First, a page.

Weekly insights into our crazy world.

Saturday, June 3, 2017



This year, California experienced its rainiest year in 122 years of record keeping. This has resulted in mudslides all over the Golden State. The most notable is on the coast near Big Sur. Just how big is the slide? The USGS estimates that 13 acres of coastline have been created by the slide, totaling in 71 million cubic feet of dirt. Sadly, famed Highway #1 will be closed for a year as Caltrans tries to dig out 80 feet of mud on the roadway. This inspired us at the DUNER BLOG to rank the five best shoreline drives NOT closed this summer:

#5. Ruta #1, Chile. Similar to California's Route #1, this Chilean Highway hugs the jagged Pacific coastline in dramatic fashion. It tallies a whopping 438 kilometers of spectacular views. What separates this stretch of road from others is the amazing spectrum of natural wonders the driver encounters. It begins in the Atacama, the world's driest desert, which looks more like the moon than earth. Along the way, you'll see pink sand dunes, hot springs, geysers on one side of the road and stunning steep cliffs and long sandy beaches on the other.

#4. Great Ocean Road, Australia. When Aussie soldiers returned home from the Great War, the government put them to work building this lengthy coastal highway. They dedicated it to the soldiers who didn't make it home...making the Great Ocean Road the largest war memorial on earth. To accomplish this, workers carved out a thin strip of road from the 500-foot high ocean cliffs. The highlight is the famous 12 Apostles limestone foundations. Keep your eyes peeled for wildlife as well. Anteaters, kangaroos, parrots and penguins complete a fantastic array of exotic animals.

#3. The Road to Hana, Hawaii. Although only 52 miles long, this road feels much, much longer. That's because there are 600 hairpins turns and 54 one-lane bridges to slow you down tremendously. But that's a good thing. Otherwise, you might miss the ten waterfalls, thousand-foot cliff drops and the tiny coves of gorgeous black sand beaches. Also impressive is the lush vegetation that covers parts of the road in a fragrant canopy. It takes around three hours to drive to the town of Hana. Do the math: Your average speed is 13 miles per hour.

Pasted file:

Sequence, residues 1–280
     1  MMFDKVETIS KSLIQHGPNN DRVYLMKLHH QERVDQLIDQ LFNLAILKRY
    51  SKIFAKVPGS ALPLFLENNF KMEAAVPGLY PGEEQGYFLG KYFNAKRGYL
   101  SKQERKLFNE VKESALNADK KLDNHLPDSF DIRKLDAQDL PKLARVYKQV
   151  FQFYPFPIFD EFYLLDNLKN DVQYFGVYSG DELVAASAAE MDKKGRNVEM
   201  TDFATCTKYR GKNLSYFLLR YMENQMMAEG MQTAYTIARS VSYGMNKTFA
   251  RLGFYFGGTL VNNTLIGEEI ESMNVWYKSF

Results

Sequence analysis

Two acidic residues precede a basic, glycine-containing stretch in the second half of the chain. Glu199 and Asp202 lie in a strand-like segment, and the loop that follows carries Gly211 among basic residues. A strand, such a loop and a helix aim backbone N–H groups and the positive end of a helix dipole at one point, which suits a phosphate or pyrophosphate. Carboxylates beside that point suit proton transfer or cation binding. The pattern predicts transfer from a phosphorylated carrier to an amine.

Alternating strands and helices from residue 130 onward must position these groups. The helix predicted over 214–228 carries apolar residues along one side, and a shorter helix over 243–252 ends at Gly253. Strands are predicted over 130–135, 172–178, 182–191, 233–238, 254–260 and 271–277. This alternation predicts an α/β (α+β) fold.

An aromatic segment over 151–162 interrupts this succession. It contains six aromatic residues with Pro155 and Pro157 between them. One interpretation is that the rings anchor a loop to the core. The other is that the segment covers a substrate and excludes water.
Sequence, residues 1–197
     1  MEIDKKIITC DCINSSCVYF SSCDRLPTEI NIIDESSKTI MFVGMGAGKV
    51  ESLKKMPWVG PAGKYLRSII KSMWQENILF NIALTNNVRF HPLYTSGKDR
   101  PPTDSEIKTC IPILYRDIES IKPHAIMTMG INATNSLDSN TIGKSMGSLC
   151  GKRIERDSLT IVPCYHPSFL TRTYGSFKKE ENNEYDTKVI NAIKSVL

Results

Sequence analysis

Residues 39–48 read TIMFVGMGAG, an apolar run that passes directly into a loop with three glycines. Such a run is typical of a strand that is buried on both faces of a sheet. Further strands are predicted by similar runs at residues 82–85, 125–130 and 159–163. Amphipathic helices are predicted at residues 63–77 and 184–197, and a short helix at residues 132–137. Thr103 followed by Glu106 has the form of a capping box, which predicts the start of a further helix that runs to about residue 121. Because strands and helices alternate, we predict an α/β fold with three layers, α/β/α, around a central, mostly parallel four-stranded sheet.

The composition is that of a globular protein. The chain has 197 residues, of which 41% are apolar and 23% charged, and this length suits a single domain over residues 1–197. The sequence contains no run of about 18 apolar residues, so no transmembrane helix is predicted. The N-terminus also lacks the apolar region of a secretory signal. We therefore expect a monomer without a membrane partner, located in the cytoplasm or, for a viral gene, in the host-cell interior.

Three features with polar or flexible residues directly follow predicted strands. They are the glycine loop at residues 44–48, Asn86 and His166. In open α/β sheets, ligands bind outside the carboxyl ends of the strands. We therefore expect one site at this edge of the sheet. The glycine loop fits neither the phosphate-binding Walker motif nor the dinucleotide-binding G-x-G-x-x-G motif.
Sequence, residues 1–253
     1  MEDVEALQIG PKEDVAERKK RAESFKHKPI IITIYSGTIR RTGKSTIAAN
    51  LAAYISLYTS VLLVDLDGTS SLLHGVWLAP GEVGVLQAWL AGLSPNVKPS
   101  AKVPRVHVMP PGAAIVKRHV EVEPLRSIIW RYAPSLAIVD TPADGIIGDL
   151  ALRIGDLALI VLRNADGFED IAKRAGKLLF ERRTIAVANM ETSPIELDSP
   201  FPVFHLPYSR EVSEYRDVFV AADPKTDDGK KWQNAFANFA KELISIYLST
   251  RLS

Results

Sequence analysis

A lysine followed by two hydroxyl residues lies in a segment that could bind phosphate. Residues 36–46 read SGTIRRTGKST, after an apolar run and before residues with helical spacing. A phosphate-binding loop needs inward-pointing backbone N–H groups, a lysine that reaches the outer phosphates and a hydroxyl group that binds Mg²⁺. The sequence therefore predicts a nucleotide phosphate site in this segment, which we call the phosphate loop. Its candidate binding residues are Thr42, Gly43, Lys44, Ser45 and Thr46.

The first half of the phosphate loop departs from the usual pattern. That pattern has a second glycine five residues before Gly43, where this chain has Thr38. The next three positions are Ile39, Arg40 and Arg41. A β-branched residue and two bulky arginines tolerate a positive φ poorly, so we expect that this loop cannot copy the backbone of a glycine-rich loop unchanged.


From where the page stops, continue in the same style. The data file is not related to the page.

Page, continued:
#2. Overseas Highway, Florida. Originally built for trains by an entrepreneur way back in 1910, the goal was to connect 18 islands off the southernmost tip of Florida. Then, in 1935 the Labor Day Hurricane washed away 30 miles of the railway line. When restored, the tracks were removed and replaced with highway. Today, there are 42 separate bridges, the longest being the Seven-Mile Bridge at Marathon. It's appeared in many movies, including Mission Impossible, Fast & the Furious and in 007: License to Kill. All in all, it takes five hours to drive the entire 113 miles. Try to do it at sunset, when a unique spectrum of pink, purple and orange fill the sky.

#1. Amalfi Coast Road, Italy. Clocking in at the top spot is State Route #163 which runs from Sorrento to Salerno on Italy's rugged Amalfi Coast. Originally constructed by ancient Romans, the highway today has two lanes. If you're scared of heights, drive in the Northern direction. Otherwise, you car door will be inches away from 1,000 foot cliffs with only a tiny metal railing separating you and the Mediterranean Sea way below. Also thrilling are the daredevil Italian motorists, who'll speed and brake continuously. Not surprisingly, the Amalfi Coast Road has also been in dozens of movies (the best being Bogart's Beat the Devil) and even video games (Gran Turismo 4). Both display the road's precarious curves with little to separate you from the craggy sea boulders below. Not for the fainthearted!

No comments:

Post a Comment